How Are Customer Touch Points Changing?

Across customer touch points, companies face a connected mandate.

Time to read: 3 minutes

Customer touchpoints are the windows of interaction between an individual buyer and your business. This encompasses any exchange, whether in person or via digital means. Research in the “State of the Connected Customer” report shows how modern customers are looking for interactions that are connected and contextualized at every turn. From product recommendations to proactive service, customers expect touchpoints that are uniquely personalized across their journey.

For business teams accustomed to owning only one stage of the customer journey, it’s a tricky proposition. Customers judge companies based on their experience as a whole — not just interactions with individual departments — and they expect consistency.



of customers expect consistent interactions across departments

This can mean seamless touchpoints between departments, customized engagement based on earlier interactions, and other factors that make the customer experience more connected. Today’s customers seek contextualized experiences — meaning their engagement with a company reflects an understanding of past actions, product usage, and a myriad of other factors.

People expect to be able to engage across multiple touchpoints anytime and seamlessly transition between them. Companies need a full picture of what that journey looks like for any individual, and understand their pain points.”

Catharine Findiesen Hays | Co-Author, "Beyond Advertising: Creating Value Through All Customer Touchpoints"

Customer touchpoints split between online and offline

In 2022, after the restrictions of early COVID lockdowns, customers rushed back to brick-and-mortar establishments in a reactive zeal, referred to as "revenge shopping." That trend has since cooled, giving way to equilibrium, with engagement evenly split between online and offline channels. No matter where they shop, customers expect the same quality of care: 74% say they expect to be able to do anything online that they can do in-person or by phone.

In marketing, customers want personalized touchpoints

Research suggests that the types of experiences customers are seeking are decidedly not one-size-fits-all. Sixty-five percent of customers expect companies to adapt to their changing needs and preferences. This number is even higher for business buyers, at 78%.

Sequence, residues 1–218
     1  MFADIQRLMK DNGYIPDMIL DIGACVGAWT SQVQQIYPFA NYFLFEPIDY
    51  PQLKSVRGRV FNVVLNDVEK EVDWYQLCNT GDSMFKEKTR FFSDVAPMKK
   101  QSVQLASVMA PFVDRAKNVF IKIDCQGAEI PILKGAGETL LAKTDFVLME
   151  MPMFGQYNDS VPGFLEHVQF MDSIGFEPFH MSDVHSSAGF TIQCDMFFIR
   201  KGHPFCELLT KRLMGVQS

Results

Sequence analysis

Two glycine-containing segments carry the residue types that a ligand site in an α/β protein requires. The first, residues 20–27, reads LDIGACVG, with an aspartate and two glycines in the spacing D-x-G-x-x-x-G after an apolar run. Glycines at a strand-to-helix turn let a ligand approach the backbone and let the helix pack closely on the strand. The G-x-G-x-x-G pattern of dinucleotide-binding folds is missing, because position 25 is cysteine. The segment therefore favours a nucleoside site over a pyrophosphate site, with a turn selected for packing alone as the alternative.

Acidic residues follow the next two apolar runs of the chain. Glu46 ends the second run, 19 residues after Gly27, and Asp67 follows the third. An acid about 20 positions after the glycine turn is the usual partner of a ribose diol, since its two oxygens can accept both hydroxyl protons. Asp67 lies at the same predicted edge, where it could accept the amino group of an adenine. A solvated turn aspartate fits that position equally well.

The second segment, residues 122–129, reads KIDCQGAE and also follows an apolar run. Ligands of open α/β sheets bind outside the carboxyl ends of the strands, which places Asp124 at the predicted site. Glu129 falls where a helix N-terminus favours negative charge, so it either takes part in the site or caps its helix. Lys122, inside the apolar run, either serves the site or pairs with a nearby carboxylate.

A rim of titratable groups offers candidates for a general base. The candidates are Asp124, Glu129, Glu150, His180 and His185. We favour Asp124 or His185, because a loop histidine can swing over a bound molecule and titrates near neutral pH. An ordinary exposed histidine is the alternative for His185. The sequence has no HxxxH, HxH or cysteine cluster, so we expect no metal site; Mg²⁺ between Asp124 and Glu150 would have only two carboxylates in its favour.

Indeed, as technologies like generative AI advance, customer expectations for personalization only heighten.

In sales and commerce, customers seek connected touchpoints

When it comes time to buy, today's customers expect more than knowledgeable salespeople and a quick and easy checkout. Increasingly drawn to ecommerce sites, they value product comparison tools and the ability to shop from their mobile devices. On top of it all, they want to move seamlessly between various digital and offline touchpoints, often browsing on one in the morning only to close the deal on another in the evening. Seventy-one percent of customers prefer different channels depending on context, such as where they are and what they are doing.

In customer service, customers value multichannel touchpoints

Customer service isn’t just a reactive cost center — it’s a core element of differentiated customer experience. To meet current standards, service must be quick, readily available anywhere, and even proactive.

Increasingly unfamiliar with the concept of waiting, customers are keen on self-service tools that empower them to find quick answers on their own: 61% of customers prefer self-service for simple issues. When they do need more personalized help, they’re not apt to wait on hold, expecting instead to speak, type, or engage otherwise with an agent immediately.



of customers expect to interact with someone immediately when they contact a company.

Across the journey, connected customer touchpoints are essential

Customers see one company, not separate departments, and expect connected engagement across their various touchpoints. Yet 55% of customers say it generally feels like they’re communicating with separate departments, rather than one company. To create truly customer-centric experiences, it's vital that companies unite around those customers with a 360-degree shared view of customer touchpoints.


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